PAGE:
If pupils find the homework too difficult, parents or carers are encouraged to let us know by writing a short note in their son/daughter’s Homework Diary.  We also want parents to let us know if too much if too little work is being set.

SEN pupils

Subject teachers are expected to work closely with the SENCO and SEN colleagues and make reference to the Code of Practice and the school’s SEN register/ IEPs, etc..  SEN pupils are required to receive homework tasks that cater for their individual learning needs, including consolidation or reinforcement of skills practised in class.

Rewards & Sanctions

Pupils should be rewarded for producing good homework.  For example, constructive feedback may be given orally or in writing, credits may be awarded in line with school policy and faculties and departments are encouraged to contact home to inform parents/carers, e.g. via a note in the Homework Diary, a standard letter/ postcard of praise or a phone call.

If a pupil forgets his/ her homework, he/ she will need to speak to the subject teacher before or during the next lesson. The subject teacher may extend the deadline for the piece, but if homework is not produced thereafter, a detention will be issued in line with Departmental policy.

Notes:

History and Geography (and to some extent Art) operate a project based learning approach with History in particular offering a choice of activities and students will be asked to write a reminder into their homework diaries.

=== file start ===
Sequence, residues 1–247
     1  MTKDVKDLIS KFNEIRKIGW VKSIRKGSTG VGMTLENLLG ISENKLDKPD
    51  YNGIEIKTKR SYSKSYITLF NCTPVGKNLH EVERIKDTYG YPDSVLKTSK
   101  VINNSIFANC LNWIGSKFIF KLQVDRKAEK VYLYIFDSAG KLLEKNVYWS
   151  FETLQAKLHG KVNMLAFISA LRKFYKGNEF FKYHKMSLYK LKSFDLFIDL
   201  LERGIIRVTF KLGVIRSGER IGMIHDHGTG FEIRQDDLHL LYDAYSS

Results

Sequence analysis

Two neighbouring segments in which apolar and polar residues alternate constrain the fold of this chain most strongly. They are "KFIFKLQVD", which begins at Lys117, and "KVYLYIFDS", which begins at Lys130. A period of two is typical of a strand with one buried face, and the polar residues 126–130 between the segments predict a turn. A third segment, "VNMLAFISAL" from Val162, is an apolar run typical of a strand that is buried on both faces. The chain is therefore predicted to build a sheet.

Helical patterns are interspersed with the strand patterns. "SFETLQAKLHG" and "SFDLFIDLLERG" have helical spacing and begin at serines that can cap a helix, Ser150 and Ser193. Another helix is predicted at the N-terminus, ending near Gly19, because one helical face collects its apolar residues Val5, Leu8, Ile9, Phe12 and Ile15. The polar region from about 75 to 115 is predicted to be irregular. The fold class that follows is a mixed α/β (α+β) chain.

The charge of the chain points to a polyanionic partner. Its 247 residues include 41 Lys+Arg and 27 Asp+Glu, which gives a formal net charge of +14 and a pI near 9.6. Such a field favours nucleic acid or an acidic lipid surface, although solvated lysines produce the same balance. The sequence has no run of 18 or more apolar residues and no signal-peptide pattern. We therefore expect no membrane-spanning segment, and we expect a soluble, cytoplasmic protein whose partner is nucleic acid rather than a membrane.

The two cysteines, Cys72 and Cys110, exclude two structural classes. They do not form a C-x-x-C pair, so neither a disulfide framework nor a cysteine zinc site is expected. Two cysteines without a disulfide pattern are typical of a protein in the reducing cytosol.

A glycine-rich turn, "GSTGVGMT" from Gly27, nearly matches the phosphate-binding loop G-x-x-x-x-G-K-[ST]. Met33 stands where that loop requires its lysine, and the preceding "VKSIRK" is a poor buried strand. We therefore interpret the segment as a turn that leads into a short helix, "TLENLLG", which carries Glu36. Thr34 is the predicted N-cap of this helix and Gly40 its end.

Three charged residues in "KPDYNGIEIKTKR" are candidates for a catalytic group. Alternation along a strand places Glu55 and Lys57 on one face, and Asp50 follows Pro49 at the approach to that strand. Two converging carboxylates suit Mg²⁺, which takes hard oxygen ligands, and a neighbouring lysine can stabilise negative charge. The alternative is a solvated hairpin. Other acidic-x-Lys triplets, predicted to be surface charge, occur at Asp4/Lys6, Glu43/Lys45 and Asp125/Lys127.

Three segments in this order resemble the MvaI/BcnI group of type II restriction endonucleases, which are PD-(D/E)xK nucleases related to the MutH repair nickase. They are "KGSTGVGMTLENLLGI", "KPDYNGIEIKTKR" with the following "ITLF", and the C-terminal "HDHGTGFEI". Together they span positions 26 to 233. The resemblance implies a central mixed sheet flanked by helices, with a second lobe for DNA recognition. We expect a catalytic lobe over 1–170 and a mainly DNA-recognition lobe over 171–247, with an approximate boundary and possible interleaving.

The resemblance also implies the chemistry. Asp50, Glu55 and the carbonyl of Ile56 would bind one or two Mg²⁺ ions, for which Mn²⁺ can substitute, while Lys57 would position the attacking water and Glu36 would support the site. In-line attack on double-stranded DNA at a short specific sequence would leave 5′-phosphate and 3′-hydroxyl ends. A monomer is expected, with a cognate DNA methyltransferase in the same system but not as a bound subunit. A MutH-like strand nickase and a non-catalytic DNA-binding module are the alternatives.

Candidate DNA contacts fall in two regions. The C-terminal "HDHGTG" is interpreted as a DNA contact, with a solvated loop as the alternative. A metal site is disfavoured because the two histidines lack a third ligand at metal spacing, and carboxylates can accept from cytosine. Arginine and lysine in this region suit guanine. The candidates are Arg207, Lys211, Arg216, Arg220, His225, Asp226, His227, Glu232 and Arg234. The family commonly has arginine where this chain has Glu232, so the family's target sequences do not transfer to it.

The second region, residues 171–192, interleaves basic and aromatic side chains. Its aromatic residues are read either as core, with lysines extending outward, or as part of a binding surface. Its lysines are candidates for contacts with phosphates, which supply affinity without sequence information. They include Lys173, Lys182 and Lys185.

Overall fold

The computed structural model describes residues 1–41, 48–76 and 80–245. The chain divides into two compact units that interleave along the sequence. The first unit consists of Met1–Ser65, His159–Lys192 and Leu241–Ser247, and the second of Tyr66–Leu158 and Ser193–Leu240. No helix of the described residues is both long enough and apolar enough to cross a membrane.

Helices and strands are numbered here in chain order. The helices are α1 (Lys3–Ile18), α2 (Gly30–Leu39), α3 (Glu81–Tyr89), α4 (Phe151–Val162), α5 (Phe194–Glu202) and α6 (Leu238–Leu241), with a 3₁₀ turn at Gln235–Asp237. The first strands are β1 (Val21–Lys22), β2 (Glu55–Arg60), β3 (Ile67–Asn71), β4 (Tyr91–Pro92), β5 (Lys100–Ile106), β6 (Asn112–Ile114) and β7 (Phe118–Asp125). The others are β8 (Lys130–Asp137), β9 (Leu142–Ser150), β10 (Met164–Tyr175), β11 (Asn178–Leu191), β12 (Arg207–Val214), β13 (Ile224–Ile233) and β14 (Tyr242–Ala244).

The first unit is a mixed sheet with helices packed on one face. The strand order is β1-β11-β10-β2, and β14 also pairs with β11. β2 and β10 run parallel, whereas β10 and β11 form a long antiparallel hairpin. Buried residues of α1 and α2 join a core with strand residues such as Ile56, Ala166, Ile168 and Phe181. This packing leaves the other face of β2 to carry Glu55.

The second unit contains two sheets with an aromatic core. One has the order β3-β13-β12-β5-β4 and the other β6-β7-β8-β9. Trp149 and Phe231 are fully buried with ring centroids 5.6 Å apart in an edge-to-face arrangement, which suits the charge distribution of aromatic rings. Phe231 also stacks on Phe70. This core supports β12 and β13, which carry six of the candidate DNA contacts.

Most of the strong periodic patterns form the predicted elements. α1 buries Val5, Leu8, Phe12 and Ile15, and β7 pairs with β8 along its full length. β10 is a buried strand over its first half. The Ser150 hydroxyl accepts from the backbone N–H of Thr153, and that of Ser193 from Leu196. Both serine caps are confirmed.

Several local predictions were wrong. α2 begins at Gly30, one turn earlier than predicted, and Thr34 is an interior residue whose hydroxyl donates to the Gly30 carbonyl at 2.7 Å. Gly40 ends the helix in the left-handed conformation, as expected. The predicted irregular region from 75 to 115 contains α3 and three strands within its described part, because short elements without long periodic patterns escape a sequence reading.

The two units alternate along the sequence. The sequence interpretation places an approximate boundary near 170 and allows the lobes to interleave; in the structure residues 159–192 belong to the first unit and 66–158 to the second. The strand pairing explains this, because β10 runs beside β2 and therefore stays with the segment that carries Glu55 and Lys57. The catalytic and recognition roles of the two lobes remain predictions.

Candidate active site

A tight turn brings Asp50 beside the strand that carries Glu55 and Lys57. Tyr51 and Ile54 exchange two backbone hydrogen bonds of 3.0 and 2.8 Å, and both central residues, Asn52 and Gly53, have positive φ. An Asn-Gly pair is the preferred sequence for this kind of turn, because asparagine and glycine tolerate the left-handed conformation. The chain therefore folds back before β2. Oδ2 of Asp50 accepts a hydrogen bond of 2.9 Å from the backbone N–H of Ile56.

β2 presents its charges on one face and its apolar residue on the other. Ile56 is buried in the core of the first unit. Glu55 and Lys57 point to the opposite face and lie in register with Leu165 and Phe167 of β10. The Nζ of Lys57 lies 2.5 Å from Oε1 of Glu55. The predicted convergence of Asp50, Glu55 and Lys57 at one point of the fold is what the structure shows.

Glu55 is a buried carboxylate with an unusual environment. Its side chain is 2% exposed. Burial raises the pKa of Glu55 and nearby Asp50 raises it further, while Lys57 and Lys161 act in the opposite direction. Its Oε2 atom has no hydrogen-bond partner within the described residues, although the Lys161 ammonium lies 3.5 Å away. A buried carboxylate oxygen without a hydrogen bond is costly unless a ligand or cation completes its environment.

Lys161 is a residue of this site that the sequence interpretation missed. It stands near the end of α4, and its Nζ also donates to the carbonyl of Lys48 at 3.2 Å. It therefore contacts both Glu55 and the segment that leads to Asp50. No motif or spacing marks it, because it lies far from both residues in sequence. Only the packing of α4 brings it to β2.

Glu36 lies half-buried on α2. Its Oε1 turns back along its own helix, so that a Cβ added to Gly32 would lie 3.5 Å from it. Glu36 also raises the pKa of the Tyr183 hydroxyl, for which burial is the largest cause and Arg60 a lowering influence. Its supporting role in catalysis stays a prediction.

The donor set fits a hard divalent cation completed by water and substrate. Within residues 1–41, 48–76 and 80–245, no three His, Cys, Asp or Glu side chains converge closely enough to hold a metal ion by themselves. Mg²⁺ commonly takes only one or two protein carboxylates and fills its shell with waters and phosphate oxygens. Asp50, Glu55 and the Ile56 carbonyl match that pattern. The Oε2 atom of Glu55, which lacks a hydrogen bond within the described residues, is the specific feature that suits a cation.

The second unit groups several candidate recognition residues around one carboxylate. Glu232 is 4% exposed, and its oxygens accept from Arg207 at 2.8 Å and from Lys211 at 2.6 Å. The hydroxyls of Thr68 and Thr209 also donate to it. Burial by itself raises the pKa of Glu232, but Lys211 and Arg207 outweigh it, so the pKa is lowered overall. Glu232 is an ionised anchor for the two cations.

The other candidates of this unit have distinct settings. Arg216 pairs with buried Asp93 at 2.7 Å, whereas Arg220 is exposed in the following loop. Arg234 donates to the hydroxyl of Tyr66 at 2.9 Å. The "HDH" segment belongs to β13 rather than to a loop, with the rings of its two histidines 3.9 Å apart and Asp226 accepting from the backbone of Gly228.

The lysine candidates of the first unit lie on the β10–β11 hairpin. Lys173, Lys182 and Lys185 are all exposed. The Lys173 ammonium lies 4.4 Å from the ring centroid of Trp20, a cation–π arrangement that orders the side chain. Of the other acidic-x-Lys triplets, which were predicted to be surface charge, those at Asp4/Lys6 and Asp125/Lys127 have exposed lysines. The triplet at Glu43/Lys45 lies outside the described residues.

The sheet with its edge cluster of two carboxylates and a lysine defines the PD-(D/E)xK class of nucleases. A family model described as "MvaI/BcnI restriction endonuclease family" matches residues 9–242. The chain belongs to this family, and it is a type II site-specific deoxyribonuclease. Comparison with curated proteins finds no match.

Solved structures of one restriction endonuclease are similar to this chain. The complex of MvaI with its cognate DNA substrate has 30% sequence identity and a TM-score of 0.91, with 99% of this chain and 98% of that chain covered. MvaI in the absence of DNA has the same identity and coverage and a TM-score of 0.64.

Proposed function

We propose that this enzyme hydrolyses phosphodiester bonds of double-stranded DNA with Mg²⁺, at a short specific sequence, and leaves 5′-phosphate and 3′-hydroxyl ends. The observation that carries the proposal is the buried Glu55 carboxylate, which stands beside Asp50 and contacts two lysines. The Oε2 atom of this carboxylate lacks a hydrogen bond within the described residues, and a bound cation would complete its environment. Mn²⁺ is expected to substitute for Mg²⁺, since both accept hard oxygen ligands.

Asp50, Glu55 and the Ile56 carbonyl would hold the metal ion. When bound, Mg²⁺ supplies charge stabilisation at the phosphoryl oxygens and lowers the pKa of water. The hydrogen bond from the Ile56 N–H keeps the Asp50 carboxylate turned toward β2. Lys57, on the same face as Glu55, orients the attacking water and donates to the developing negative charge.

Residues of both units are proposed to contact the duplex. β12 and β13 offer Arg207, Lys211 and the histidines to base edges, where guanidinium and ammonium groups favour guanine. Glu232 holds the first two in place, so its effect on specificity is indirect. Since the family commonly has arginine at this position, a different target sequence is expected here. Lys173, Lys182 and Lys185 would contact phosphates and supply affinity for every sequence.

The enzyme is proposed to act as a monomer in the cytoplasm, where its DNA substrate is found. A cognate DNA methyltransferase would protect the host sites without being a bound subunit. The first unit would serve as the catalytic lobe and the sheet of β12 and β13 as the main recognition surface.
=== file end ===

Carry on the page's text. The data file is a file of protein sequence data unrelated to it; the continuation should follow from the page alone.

Y9 RE and Y7 and 8 ICT, Music and Drama will set their homework once a fortnight .

Y10 Health subjects and Y11 PE will set homework once a week, particularly when there is a theory lesson, the timing of which will vary.

Y10 and 11 Science will also set one additional homework per cycle and the timing of this will vary.

General

In GCSE classes, the nature and spread of homework changes throughout the year depending on when controlled assessments and extended pieces of work are being completed. The above is a guide to the picture as it is now but this may change slightly depending on need; however it is important that students with the support of parents and staff manage their time to ensure that all work is completed thoroughly. It is equally important that we try to avoid overload so any parents who have concerns over this should contact the school immediately it arises so that the matter can be resolved; the person to contact in the first instance is the Home School Leader.

Project or Research-Based Homework Guidelines (from Marzano and Pickering)

Research provides strong evidence that, when used appropriately, homework benefits student achievement. To make sure that homework is appropriate, teachers should follow these guidelines: 

  • Assign purposeful homework. Legitimate purposes for homework include introducing new content, practicing a skill or process that students can do independently but not fluently, elaborating on information that has been addressed in class to deepen students' knowledge, and providing opportunities for students to explore topics of their own interest.
  • Design homework to maximize the chances that students will complete it. For example, ensure that homework is at the appropriate level of difficulty. Students should be able to complete homework assignments independently with relatively high success rates, but they should still find the assignments challenging enough to be interesting.
  • Involve parents in appropriate ways (for example, as a sounding board to help students summarize what they learned from the homework) without requiring parents to act as teachers or to police students' homework completion.
  • Carefully monitor the amount of homework assigned so that it is appropriate to students' age levels and does not take too much time away from other home activities.